The head of the Catholic Church in Ethiopia has encouraged the people of God in the country to turn the challenge of staying at home amid COVID-19 into an opportunity for reflection “on the meaning of life” in the light of the “Word of God.”
On the occasion of the International Day for Street Children marked Sunday, April 12, Salesian Missions, the U.S. development arm of the Religious Institute of the Salesians of Don Bosco (SDB), joined other humanitarian and international organizations in reviewing initiatives toward street children around the globe, including Africa.
Following the demise of Bishop Angelo Moreschi of Ethiopia’s Gambella Vicariate, the first Catholic Prelate known to have died of COVID-19, an Apostolic Administrator has been appointed for the missionary ecclesiastical territory in the Western part of the country that is dependent upon the Vatican-based Congregation for the Evangelization of Peoples.
The Vicar Apostolic of Ethiopia’s Gambella Vicariate, Bishop Angelo Moreschi has succumbed to COVID-19, the first known Catholic Prelate to die of the pandemic.
Following the incident that saw the Ethiopian Cardinal and his delegation denied entry into Eritrea, being forced to spend a night at Asmara airport, Catholic Bishops in the northeast African nation have, in a letter addressed to Eritrean government authorities, expressed disappointment over the “most unfortunate incident”.
The President of the Catholic Bishops’ Conference of Ethiopia, Berhaneyesus Cardinal Souraphel and the members of the delegation he was leading spent a night at Eritrea’s Asmara airport Saturday, February 22 and returned home after they were denied entry into Eritrea, the Bishops’ Secretariat has confirmed in a statement.
At the two-day Ordinary Session of the Assembly of the African Union (AU) that concluded Monday, February 10, the President of the Symposium of Episcopal Conferences of Africa and Madagascar (SECAM), Philippe Cardinal Nakellentuba Ouédraogo highlighted some of the challenges bedeviling the people of God on the continent and, in his prayer, implored God for forgiveness and the renewal of hope.
On Saturday, January 11, the Vatican-based institution of higher learning with African roots, the Pontifical Ethiopian College, celebrated 100 years since its inception, an event graced by Pope Francis who acknowledged with appreciation the existence of the facility in Rome.
In the wake of ethnic violence in Ethiopia’s Oromia region in October that resulted in the death of dozens of people and the persecution of Christians in the country, a Catholic Priest has identified the Catholic Church, which holds a minority Christian population, as best positioned for successful “mediation work” and reconciliation of the people in the Horn of Africa.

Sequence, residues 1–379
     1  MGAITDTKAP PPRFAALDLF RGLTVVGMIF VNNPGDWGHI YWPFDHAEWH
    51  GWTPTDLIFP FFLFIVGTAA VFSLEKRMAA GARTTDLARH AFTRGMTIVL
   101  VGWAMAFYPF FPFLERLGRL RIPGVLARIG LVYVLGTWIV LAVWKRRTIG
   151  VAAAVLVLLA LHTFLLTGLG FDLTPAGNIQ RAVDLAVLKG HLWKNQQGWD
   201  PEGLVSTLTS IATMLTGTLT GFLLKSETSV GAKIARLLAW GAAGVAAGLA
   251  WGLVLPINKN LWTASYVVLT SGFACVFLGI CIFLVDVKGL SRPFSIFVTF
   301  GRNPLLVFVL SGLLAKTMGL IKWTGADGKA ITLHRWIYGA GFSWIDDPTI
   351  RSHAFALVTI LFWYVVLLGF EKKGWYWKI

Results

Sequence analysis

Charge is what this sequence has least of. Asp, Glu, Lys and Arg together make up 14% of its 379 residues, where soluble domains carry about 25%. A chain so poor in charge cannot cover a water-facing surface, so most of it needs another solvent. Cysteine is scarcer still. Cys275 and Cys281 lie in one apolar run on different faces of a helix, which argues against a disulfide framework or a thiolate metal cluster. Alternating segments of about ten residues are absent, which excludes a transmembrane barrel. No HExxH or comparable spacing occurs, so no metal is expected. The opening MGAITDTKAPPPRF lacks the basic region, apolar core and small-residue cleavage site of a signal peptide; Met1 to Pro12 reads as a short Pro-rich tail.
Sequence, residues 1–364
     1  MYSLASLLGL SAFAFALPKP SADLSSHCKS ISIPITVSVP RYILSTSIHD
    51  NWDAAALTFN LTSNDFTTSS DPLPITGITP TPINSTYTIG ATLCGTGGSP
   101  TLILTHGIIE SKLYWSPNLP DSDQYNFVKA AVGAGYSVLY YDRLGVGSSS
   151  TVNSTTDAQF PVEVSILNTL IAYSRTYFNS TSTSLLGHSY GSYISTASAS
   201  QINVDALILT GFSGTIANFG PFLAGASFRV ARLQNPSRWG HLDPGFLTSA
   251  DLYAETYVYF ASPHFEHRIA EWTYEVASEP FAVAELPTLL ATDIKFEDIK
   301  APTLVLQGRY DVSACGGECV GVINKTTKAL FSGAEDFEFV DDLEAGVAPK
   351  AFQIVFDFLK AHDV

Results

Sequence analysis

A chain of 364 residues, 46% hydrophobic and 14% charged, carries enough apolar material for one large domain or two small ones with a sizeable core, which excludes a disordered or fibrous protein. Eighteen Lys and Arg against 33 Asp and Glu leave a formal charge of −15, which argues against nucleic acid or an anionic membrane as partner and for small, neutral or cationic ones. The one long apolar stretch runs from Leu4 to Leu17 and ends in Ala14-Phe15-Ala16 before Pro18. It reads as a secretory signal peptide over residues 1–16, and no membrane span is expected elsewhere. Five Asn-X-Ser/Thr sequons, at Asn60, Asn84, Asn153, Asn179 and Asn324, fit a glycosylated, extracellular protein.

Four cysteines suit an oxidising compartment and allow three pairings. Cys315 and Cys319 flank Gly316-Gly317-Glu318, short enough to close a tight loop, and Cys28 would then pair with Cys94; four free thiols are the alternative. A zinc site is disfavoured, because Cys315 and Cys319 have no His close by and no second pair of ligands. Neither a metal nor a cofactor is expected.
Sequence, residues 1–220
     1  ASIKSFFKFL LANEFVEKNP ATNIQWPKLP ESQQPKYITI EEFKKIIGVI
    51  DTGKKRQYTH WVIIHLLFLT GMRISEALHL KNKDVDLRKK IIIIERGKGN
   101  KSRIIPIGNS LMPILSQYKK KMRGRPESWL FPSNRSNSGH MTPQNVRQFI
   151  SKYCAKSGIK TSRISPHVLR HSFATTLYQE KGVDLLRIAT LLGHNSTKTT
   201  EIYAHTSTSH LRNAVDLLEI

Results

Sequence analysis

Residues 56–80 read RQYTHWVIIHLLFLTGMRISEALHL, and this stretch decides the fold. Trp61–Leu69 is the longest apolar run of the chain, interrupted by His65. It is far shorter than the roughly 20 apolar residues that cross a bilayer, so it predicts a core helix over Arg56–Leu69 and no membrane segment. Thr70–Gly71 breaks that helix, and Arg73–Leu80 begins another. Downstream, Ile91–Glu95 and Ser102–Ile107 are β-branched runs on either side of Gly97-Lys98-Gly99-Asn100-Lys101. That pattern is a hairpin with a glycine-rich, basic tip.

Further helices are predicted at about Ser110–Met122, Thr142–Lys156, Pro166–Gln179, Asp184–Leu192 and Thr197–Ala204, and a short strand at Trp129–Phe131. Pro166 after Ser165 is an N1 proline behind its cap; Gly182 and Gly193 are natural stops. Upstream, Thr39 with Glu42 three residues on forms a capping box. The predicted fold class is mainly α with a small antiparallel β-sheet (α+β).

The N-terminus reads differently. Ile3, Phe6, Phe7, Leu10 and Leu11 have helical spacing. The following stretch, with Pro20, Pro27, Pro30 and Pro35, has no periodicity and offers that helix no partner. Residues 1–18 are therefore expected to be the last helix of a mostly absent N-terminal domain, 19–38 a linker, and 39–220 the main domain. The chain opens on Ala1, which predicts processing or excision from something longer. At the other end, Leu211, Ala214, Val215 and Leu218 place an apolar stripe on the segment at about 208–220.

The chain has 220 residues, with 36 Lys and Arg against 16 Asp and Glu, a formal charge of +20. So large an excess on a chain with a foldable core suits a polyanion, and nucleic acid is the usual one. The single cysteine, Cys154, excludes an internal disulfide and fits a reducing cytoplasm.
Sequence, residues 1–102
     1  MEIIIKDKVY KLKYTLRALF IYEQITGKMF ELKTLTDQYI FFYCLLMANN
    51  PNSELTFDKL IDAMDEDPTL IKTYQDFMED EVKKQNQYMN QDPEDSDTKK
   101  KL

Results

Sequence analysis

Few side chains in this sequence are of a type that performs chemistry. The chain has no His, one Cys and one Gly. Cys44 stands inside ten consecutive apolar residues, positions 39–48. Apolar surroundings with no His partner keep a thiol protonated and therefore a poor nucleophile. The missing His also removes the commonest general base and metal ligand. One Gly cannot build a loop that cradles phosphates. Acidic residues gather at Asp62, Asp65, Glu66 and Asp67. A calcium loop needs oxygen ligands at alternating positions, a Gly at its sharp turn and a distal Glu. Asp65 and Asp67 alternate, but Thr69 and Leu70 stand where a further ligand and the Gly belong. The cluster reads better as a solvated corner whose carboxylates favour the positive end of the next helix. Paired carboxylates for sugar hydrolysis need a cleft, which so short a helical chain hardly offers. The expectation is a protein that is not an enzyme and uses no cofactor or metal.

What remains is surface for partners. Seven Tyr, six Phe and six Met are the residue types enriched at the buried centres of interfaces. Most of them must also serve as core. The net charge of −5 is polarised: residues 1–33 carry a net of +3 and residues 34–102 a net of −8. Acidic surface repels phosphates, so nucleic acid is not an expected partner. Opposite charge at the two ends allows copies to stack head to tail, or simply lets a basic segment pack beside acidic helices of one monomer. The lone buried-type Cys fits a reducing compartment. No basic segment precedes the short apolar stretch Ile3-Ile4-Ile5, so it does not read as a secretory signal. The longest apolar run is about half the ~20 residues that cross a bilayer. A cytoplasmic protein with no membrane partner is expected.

With 5,000 Euros a year, a religious missionary ministering among Ethiopia’s Borana community has been able to have an impactful apostolate that has included giving dozens of youth the opportunity to interact with peers from other cultures in inter-diocesan pastoral programs, evangelizing couples through the Sacrament of Matrimony, empowering women to become teachers of faith, among other activities that have kept faith alive in the Horn of Africa.
Weeks after Pope Francis requested prayers for persecuted Orthodox Christians in Ethiopia who were targeted in ethnic clashes in the Oromia region, leaving dozens of people dead, the Catholic Church in country has fulfilled this request and organized for prayers.
Pope Francis Sunday asked for prayer for persecuted Orthodox Christians in Ethiopia, who have been targeted in ongoing ethnic clashes that have left 78 people dead.
As various people across the globe celebrate the winner of the Nobel Peace Prize for this year, Ethiopia’s Prime Minister Dr. Abiy Ahmed Ali, sending him congratulatory messages, the African Council of Religious Leaders (ACRL) has also lauded and celebrated the Prime Minister, known to be one of the African youngest leaders.
The Holy Father will on Friday, October 4 consecrate as Bishops the new Apostolic Nuncios to Ethiopia and Burkina Faso, Monsignor Antoine Camilleri and Monsignor Antoine Paolo Rudelli respectively.
Church leaders in Ethiopia have acknowledged with appreciation the activities, which the Catholic Relief Services (CRS) is undertaking in their country to lay foundations for lasting peace and described the international humanitarian agency of the Catholic Bishops of the United States of America as reliable partners in “emergency response and integral human development program.”